What is the macula?
The macula is an anatomical area of the retina, which is located at the eye fundus. In the macula there is a high concentration of specialized cells – photoreceptors, where the beam of light passing at any given time from the outside environment to the inside of the eye, is focused upon. The macula contains some specific photosensitive dyes, called xanthophylls, assisting in the absorption of light and protecting the macula from oxidative stress. It is responsible for sharp vision and color perception.
The macula may be damaged by various conditions and diseases. There are two major forms of macular degeneration, atrophic and exudative. In the first case the degeneration mechanism involves the development of atrophy either of the photoreceptors, or of the pigment epithelium, the substrate layer underneath the retina and macula. The exudative macular degenerations are distinguished by the presence of liquid / edema in the retina layers.
The most common degenerations of the macula are outlined below:
1. Age-related: is an old age disease (over 50 years), where degenerative material accumulations (drusen) are generated around and into the macula. It is distinguished into dry and wet form: In the first case monitoring and taking vitamin supplements are recommended. In the second case that is further complicated by the development of abnormal vessels therapy consists of intravitreal injections of anti-angiogenic agents. A special category is the choroidal polyps requiring a special laser treatment with intravenous infusion of photosensitizing substance (photodynamic therapy).
2. Diabetic maculopathy: This is the development of edema in the macula, resulting from lesions of the retina vessels due to diabetes. The so-called clinically significant edema is treated with a combination of laser and intravitreous injections. Lately, a new technology has been developed, subthreshold diode micropulse laser for photoexcitation of the macula without burns.
3. Macular edema after venous occlusion: The central retinal vein or its branches can become occluded by various causes. The occlusion creates hemodynamic disturbances in the circulation of the retina, resulting in hemorrhages and macular edema. It is treated with intravitreal injections, cortisone implants and sometimes subthreshold diode micropulse laser.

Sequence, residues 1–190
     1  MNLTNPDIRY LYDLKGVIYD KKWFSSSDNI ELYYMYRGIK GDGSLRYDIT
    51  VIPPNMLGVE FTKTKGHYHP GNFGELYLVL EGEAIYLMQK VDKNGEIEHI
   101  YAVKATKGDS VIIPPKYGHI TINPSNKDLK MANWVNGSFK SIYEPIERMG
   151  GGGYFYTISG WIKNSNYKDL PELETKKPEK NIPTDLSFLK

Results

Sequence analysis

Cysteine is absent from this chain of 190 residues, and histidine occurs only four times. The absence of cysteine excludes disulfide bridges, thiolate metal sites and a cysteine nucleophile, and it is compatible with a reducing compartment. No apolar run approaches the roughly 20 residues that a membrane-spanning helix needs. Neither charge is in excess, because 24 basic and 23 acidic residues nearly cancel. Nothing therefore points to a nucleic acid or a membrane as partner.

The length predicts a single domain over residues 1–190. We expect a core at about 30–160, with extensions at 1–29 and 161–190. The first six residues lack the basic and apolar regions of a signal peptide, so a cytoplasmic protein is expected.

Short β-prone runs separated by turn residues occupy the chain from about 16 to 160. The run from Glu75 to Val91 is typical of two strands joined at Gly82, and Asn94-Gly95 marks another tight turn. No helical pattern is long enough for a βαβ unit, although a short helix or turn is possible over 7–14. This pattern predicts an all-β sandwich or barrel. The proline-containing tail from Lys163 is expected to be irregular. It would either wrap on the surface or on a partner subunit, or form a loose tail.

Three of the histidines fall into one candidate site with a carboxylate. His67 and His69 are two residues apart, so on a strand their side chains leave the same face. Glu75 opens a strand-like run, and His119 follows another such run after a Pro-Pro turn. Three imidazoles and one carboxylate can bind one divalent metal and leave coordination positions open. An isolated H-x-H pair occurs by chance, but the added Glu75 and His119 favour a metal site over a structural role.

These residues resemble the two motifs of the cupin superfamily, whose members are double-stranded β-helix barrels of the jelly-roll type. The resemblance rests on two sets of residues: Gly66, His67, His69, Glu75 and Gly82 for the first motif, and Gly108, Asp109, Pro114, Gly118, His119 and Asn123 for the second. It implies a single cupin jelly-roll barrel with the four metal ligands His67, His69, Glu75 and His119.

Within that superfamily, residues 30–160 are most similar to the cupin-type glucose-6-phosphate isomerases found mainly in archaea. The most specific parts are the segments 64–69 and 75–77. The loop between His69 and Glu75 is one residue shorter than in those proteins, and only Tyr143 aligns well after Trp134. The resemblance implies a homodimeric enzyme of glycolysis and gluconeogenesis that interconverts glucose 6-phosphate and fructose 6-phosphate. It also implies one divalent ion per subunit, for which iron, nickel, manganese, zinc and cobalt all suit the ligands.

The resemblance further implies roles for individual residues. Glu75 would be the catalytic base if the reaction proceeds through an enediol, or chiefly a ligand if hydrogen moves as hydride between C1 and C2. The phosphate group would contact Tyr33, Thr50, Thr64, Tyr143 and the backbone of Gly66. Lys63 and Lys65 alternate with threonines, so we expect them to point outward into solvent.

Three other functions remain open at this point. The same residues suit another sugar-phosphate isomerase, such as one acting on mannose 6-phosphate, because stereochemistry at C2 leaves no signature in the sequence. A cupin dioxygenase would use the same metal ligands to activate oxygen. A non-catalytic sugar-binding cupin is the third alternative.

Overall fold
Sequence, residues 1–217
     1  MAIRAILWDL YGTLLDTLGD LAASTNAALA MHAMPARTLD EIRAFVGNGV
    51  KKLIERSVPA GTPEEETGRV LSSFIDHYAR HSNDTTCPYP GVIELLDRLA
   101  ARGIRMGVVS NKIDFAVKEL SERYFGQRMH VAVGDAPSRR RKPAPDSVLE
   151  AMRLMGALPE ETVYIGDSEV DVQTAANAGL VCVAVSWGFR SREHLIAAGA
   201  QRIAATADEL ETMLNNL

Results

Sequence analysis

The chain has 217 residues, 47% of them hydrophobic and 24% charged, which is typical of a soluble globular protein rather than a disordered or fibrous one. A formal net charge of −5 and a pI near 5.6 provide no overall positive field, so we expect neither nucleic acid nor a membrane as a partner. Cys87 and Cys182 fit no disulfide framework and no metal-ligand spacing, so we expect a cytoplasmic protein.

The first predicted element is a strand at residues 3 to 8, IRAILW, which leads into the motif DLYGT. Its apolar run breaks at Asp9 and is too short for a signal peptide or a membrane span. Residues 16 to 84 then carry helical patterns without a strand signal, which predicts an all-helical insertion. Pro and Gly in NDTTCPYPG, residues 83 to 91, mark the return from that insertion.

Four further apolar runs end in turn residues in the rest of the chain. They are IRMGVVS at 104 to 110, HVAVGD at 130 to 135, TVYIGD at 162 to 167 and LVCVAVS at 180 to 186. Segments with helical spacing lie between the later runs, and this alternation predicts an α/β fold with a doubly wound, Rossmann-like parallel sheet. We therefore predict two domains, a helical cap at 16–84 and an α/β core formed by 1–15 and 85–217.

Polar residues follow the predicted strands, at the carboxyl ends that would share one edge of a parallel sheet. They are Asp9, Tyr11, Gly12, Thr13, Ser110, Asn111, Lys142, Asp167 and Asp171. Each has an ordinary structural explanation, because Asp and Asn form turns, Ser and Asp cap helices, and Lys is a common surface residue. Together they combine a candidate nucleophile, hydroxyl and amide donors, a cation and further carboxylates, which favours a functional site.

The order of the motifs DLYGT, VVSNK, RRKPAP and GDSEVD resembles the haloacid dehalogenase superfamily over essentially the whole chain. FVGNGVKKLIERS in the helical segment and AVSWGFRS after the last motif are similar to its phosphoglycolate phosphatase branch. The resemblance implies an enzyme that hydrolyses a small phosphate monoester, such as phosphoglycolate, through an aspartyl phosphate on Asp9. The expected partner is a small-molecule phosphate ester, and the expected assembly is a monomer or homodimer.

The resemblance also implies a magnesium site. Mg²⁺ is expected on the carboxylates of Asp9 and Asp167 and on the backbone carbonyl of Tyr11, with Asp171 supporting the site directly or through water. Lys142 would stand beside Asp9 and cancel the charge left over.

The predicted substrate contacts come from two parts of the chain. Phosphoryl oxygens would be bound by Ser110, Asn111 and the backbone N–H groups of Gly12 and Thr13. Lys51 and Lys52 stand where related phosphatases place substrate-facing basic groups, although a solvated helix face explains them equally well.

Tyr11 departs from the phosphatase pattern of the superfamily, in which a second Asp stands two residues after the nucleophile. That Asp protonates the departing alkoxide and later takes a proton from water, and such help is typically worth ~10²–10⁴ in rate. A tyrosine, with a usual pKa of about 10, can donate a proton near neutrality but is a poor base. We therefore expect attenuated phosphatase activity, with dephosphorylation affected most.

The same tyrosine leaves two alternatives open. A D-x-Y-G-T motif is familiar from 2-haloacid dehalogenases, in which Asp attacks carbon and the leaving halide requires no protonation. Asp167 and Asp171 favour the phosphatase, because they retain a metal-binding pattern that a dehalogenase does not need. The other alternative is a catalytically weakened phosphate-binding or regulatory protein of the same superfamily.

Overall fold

4. Central serous chorioretinopathy: It is a degeneration usually occurring at a young age, but not exclusively. It is associated with anxiety and the macula is affected due to the presence of serous fluid in the retina. It usually automatically recedes within 3-6 months but may recur or acquire a chronic nature. In such cases, appropriate photodynamic therapy or subthreshold diode micropulse laser are indicated.
5. Dystrophies, such as Stargardt disease or Best disease: These are inherited macular diseases, wherein some abnormal genes are responsible for the early, usually in a young age, damage of the macula, which is of an atrophic type. There is no standard treatment, while in some cases a genetic check is recommended to detect the responsible gene and estimate the probability of inheritance in progeny.
Besides fundoscopy, a number of specific imaging examinations are used for the diagnosis of macula degenerations, such as:
- Optical Coherence Tomography (OCT), scanning the macula in thin sections, wherein all the retinal layers in the macular region are distinct.
- Digital fluoroscopy, using a contrast medium by intravenous injection, for the imaging of retinal vessels. It is particularly indicated in exudative MD.
- Autofluorescence, with specialized capturing of the posterior fundus pole, depicting the retinal pigment epithelium. It is particularly useful in macular dystrophies, but also in inflammatory diseases of the fundus.
- Indocyanine green angiography with intravenous injection of contrast substance. Mainly imaging the choroid, the deep retinal layer.
- Electrophysiology, where the electrical activity of macular photoreceptors is recorded. It is a necessary examination for macular dystrophies.
- Ultrasound, for the diagnosis of diseases not clearly visible clinically (e.g. neoplasma of the eye).